Urbanisation is pushing up demand for all kinds of real estate:  office space, retail complexes and of course, housing. The growth of, and potential for, infrastructure projects abounds. This has the positive spins off for labour too.

South African business, it could be said, is scrambling. Recently Resilient, known for its successful serial development of non-metropolitan shopping malls outside of the major urban nodes, expressed dissatisfaction with local red tape and revealed it would spend more than 1 billion rand building 10 shopping malls in Nigeria.  The malls, 10,000 square meters and 15,000 square meters in size, will be built over the next three years in the capital, Abuja, and the city of Lagos respectively, the main commercial hubs. Shoprite, Africa’s largest food retailer, will be the major tenant.

Wal-Mart-owned Massmart last month said it would invest in African growth and hoped to grow its food retail business from about R7bn to about R20bn over the next five years. But it’s South African food retailers Shoprite and Pick n’ Pay’s whose sites are firmly set on Africa. Pick n Pay has increased its African growth, using R1,4bn from the sale of Franklins in Australia.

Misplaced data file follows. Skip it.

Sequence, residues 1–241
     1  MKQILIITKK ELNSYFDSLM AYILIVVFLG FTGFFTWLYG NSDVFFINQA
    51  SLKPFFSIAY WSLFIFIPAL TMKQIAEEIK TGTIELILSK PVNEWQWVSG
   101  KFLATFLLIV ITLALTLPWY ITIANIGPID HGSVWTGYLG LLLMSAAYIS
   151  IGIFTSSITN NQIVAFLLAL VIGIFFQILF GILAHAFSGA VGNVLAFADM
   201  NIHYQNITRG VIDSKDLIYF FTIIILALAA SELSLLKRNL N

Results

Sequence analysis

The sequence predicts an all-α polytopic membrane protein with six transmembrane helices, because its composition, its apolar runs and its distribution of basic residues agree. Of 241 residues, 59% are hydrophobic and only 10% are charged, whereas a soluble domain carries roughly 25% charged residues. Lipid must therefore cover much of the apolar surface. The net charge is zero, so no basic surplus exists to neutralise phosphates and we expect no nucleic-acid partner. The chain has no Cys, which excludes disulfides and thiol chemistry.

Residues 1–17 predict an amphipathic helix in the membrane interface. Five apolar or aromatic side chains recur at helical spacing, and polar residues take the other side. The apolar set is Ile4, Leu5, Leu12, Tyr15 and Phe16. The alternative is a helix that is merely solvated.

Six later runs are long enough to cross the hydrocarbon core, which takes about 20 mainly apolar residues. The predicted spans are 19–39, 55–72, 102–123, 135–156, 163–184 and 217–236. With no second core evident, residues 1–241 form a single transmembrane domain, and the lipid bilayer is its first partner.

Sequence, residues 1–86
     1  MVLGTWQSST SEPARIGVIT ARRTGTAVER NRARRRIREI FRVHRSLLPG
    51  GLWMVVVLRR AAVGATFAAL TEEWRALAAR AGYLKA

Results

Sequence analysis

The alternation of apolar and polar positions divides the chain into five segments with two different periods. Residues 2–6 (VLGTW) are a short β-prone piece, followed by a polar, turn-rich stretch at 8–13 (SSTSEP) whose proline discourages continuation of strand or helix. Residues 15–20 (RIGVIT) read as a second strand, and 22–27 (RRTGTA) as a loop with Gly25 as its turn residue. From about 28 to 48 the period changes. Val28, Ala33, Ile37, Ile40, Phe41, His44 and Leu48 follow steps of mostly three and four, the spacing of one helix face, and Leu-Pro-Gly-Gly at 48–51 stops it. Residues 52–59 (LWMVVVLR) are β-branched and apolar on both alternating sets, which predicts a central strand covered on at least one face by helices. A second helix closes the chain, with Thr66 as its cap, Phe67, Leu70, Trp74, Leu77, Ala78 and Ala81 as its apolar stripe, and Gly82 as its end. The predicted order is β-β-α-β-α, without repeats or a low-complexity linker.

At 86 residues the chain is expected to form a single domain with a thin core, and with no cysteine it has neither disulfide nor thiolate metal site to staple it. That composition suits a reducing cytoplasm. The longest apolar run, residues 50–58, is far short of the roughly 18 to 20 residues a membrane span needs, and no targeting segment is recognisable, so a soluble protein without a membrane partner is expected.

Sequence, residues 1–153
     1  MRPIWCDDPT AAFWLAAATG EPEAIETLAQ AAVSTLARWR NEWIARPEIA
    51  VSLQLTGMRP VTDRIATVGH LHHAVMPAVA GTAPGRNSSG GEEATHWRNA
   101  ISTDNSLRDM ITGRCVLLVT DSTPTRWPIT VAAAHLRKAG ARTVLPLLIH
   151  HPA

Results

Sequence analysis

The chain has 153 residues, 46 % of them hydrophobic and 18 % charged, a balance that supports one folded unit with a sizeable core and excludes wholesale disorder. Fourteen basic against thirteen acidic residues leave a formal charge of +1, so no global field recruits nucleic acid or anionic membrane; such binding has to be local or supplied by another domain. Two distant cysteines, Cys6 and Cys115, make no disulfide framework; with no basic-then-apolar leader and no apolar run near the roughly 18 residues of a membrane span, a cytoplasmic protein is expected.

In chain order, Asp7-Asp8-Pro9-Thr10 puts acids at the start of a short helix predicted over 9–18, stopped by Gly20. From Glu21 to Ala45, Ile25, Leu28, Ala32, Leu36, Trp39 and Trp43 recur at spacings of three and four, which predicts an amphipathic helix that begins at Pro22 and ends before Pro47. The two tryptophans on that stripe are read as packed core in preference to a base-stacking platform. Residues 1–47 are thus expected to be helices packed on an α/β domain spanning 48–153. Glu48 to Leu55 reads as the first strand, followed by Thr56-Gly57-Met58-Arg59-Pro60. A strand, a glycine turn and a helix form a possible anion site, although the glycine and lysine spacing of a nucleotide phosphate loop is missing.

Shoprite, which has only about 123 stores in Africa compared to about 1730 locally, says another 174 stores will be added in Africa next year.  Pick n’ Pay on the other hand is aiming to expand into Malawi and the DRC within the year. The food retailer has over 93 stores in Africa North of South Africa. Zambia and Zimbabwe are on the cards for expansion. Woolworth, not to be outdone has opened 14 stores through its Enterprise Development Programme  in Nigeria, Uganda, Zambia, Kenya, Mauritius, Tanzania and Mozambique. Woolworths currently has a presence in 12 countries with nearly 60 stores across Africa, excluding South Africa.

Further investment in the African playing field could come in the form of buy-outs of South African food retailers by the likes of Tesco, Carrefour and Metro. Wal-Mart’s consumption of Massmart has already been well publicised.

On a slightly different tack, Don’t Waste Services (DWS), the largest on-site waste management company in South Africa, has publicized their intention to open affiliates in Botswana, Kenya, Zambia, Mauritius and Swaziland. The company – is active in the mining, retail, hospitality, healthcare and large industry markets and currently provides waste minimisation services to 300 corporate clients across their portfolios of sites. Having recently expanded into Mauritius, the company is keen to duplicate their successful model in other African countries.